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Gamification: Quests, Objectives, Goals and more
by Andrzej Marczewski on 02/07/14 08:51:00 am   Expert Blogs

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The following blog post, unless otherwise noted, was written by a member of Gamasutra’s community.
The thoughts and opinions expressed are those of the writer and not Gamasutra or its parent company.

 

One of the great things about games is how they handle objectives. Very rarely will you play a game these days that sets out one huge objective and just leaves you to it, they all break the main objective into sub-objectives.  You tend to have an overall story line or a quest. This is then broken down into levels, missions or sub-quests, these are then further broken down into objectives, goals or tasks.

One of the main reasons for this, is that it is much easier for us to manage short term goals than long term goals. This can be attributed to things like how we process data, how our memories work, how we handle decisions etc. The further away a decision is, the more abstract it is to us (according to Construal Level Theory), the closer it is the more concrete.  What this means to us here is that long term goals or objectives are hard for us to focus on properly, they seem to abstract, unreal.  Short term goals are closer to the now and so feel more real and more importantly attainable.

From a purely human perspective, things that are really far away,  very large in perceived scale or just plain hard to do, can be intimidating. The way games handle this is to break things down into smaller lumps. The larger or more complex the task the more sections you need to break it down into.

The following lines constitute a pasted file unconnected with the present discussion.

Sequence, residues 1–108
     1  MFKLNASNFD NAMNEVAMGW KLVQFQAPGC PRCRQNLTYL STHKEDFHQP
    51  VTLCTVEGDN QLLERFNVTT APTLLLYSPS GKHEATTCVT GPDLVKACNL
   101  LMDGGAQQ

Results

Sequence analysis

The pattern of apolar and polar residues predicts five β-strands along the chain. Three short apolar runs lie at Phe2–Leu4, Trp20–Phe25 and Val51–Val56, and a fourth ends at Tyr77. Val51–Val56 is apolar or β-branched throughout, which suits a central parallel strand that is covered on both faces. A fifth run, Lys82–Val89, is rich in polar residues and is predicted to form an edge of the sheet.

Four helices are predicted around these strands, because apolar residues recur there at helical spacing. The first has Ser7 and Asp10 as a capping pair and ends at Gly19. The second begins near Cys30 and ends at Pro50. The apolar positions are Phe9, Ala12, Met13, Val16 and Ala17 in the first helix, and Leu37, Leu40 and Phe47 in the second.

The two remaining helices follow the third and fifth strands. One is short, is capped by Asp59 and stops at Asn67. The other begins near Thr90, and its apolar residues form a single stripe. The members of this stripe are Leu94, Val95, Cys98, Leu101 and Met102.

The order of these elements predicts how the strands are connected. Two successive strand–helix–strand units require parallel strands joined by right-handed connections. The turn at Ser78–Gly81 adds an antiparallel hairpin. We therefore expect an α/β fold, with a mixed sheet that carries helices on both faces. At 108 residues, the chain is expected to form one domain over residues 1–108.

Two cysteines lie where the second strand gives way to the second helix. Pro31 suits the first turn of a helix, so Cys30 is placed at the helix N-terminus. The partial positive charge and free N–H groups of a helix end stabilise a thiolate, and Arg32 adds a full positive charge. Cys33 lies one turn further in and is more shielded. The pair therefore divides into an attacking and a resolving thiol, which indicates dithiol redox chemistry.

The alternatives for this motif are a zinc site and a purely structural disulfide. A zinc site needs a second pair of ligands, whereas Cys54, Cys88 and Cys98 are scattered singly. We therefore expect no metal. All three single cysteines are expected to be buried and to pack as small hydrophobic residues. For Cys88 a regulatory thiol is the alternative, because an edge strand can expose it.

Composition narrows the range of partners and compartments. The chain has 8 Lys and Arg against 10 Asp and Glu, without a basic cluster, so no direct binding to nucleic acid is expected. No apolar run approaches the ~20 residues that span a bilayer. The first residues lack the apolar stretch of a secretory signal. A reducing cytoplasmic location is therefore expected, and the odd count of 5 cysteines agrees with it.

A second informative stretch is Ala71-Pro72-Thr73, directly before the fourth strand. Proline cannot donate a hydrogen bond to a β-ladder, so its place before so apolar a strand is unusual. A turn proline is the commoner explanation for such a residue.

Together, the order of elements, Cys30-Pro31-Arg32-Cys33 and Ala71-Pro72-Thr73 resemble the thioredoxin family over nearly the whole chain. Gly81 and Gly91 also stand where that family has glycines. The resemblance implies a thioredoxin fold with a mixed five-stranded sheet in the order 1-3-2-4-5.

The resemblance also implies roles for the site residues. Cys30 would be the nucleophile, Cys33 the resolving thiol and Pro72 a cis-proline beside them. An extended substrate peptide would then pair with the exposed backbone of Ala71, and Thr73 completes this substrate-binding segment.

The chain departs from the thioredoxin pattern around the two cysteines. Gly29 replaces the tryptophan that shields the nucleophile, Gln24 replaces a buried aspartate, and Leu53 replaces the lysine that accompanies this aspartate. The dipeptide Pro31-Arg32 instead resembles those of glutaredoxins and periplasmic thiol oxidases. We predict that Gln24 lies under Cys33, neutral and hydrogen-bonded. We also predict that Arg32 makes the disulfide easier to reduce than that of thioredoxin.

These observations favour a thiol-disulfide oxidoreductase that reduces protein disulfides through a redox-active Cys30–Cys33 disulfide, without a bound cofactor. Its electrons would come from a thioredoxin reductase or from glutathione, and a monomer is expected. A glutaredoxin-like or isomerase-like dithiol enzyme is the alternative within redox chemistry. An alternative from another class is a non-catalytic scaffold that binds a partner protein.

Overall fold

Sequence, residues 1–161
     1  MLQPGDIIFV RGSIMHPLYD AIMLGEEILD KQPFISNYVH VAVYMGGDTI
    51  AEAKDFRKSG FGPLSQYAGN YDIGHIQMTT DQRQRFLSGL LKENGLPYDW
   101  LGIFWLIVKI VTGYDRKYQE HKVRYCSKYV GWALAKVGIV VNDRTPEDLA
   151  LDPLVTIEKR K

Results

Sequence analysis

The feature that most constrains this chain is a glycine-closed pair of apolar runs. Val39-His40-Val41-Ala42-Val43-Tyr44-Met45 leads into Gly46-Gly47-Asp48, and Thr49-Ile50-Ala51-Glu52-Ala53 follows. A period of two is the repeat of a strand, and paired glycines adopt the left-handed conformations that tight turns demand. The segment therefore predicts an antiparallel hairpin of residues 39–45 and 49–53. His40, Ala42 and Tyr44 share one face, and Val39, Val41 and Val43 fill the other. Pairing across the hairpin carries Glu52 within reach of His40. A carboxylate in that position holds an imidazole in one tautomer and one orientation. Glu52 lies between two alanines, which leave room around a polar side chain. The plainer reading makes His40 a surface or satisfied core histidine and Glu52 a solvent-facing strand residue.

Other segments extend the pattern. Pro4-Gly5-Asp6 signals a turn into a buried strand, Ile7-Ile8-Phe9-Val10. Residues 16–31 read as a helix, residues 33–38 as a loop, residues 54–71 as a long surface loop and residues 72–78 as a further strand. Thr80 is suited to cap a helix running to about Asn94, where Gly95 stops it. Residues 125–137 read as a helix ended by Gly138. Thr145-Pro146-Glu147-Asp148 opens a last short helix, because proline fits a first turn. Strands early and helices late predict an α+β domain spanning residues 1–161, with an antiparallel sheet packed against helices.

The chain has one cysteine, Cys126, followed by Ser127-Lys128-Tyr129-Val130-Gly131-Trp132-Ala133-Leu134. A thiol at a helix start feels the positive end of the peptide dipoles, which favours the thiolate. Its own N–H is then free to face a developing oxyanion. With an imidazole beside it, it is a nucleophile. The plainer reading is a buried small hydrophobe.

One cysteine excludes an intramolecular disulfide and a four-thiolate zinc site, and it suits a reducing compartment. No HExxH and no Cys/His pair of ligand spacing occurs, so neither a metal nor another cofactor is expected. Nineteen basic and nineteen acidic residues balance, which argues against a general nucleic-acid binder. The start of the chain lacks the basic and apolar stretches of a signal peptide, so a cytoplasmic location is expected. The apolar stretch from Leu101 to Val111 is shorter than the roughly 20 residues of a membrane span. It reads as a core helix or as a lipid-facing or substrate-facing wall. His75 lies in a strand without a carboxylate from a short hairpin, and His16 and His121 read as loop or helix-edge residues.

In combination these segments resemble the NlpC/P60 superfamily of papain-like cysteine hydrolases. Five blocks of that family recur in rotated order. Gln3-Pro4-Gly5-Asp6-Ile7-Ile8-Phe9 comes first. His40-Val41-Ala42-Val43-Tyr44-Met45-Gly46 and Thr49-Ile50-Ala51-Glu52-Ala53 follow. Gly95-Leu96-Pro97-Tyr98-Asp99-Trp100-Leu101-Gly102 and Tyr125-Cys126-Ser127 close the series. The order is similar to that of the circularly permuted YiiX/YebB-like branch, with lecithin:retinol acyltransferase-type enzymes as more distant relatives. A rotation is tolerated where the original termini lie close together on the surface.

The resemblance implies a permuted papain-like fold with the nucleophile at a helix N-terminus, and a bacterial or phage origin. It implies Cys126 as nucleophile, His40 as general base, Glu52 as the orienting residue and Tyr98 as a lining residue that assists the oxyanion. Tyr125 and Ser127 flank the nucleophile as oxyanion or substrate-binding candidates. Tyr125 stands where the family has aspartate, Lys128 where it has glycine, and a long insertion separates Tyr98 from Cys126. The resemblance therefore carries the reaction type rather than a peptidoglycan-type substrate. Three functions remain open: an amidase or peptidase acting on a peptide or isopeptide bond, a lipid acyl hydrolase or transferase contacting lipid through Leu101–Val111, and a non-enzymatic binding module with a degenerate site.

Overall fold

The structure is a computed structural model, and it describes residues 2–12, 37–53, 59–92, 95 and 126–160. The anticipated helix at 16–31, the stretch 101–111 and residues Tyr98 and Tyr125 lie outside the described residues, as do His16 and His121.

Gamification: Quests, Objectives, Goals and more gamification

Take an everyday educational example. Counting.  You don’t just tell a child to count to 100, you get them to count to 5, then 10, then 20 etc. Times tables, you start with the easy stuff like 2 times tables, 5 times tables, 10 times tables then move onto the 9s and 12s.

A more practical example, that many of you have probably come across at some stage, is the humble form or questionnaire. When you are presented with 100 questions that cover everything from your name to your inside leg measurement – it can be rather off putting.

Instead, how about present 10 pages of 10 questions. Add a progress bar that shows how far into the survey you are, then (and for the love of God I hope someone is listening) a simple save system. That way, people are only seeing 10 questions, a much more manageable number. The progress bar lets them know they are actually making, well, progress.  The save option lets them know that you actually care about their time and are happy for them to fill the form in how they want!

So, the takeaways!

  • Big tasks / Long term goals = scary
  • Small tasks / Short term goals = manageable

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